Court Orders CINTAS To Pay Its Workers A Living Wage

The California Supreme Court has let stand a Court of Appeal decision holding that Hayward’s Living Wage Ordinance is lawful and Constitutional. 

The Living Wage Ordinance (LWO) says that workers for companies that have service contracts with the City of Hayward have to be paid more than just the “minimum wage,” instead they have to be paid a living wage that is currently $10.33 per hour if health benefits are provided ($11.92 if no health benefits) and increased each year.  In comparison, the California minimum wage is $8.00 per hour and the federal minimum wage is $6.55 per hour (regardless of health benefits).

CINTAS Corporation, who provided uniform and linen services to the City of Hayward, challenged the LWO arguing that the law is unconstitutional and that it should not have to pay the living wage because the work was done in Union City and San Leandro, not Hayward.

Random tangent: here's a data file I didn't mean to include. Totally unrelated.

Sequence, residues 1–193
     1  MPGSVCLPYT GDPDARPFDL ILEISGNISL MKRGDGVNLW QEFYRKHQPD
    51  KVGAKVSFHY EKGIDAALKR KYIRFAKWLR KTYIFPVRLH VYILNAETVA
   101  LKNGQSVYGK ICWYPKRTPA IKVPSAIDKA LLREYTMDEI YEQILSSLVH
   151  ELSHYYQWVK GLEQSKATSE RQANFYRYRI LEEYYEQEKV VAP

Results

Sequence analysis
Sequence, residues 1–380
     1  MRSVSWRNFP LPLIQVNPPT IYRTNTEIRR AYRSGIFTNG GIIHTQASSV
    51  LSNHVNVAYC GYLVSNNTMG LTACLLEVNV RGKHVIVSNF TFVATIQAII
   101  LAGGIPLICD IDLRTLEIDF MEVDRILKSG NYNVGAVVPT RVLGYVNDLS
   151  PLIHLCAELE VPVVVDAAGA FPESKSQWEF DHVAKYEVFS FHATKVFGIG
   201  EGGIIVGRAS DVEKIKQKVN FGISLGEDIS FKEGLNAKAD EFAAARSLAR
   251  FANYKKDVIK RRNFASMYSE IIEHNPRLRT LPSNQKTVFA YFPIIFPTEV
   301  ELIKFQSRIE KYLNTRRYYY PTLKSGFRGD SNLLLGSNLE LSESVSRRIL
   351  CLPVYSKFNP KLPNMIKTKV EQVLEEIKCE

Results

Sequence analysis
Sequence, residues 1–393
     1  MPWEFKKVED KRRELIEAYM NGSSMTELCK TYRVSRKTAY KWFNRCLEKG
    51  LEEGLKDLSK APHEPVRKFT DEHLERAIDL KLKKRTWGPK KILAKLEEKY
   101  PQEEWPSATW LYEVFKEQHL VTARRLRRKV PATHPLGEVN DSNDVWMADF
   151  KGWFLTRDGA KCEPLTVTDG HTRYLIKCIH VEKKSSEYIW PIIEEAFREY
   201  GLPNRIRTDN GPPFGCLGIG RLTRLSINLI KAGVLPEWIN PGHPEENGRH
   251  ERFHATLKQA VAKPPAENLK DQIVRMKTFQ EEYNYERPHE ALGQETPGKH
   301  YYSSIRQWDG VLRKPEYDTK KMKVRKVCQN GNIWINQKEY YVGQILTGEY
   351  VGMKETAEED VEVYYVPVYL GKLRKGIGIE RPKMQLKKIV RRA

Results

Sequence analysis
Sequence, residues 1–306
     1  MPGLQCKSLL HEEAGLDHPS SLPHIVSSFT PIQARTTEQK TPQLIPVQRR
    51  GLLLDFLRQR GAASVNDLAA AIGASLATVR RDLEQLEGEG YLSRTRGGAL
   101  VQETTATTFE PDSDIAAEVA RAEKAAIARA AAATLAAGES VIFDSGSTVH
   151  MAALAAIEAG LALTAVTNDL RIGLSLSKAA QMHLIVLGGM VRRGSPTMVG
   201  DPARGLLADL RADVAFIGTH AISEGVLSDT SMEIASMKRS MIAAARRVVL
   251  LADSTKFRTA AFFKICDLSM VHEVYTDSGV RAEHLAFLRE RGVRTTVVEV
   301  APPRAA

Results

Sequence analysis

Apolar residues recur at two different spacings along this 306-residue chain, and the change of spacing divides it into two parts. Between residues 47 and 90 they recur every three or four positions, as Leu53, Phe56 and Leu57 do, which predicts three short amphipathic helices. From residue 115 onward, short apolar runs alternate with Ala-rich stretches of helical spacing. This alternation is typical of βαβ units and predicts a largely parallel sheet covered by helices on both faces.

In total, CINTAS was ordered to pay the class of plaintiffs $790,489 in unpaid hourly wages, $14,254 in unpaid vacation benefits, $258,900 in penalties for violations of various sections of the California Labor Code, $727,000 in attorneys fees, as well as pre-judgment interest and costs.

This is an important victory since it means that cities and counties all over the State of California can enact Living Wage Ordinances that cover workers doing work on their employers’ contracts with the cities and counties.  This means that there is a way to “push up” the minimum wage without waiting for the State Legislature or the U.S. Congress to act, something that can take too long.  Numerous California cities and counties have already adopted living wage ordinances.

The case is Amaral v. Cintas Corporation (City of Hayward) (2008) 163 Cal. App. 4th 1157.

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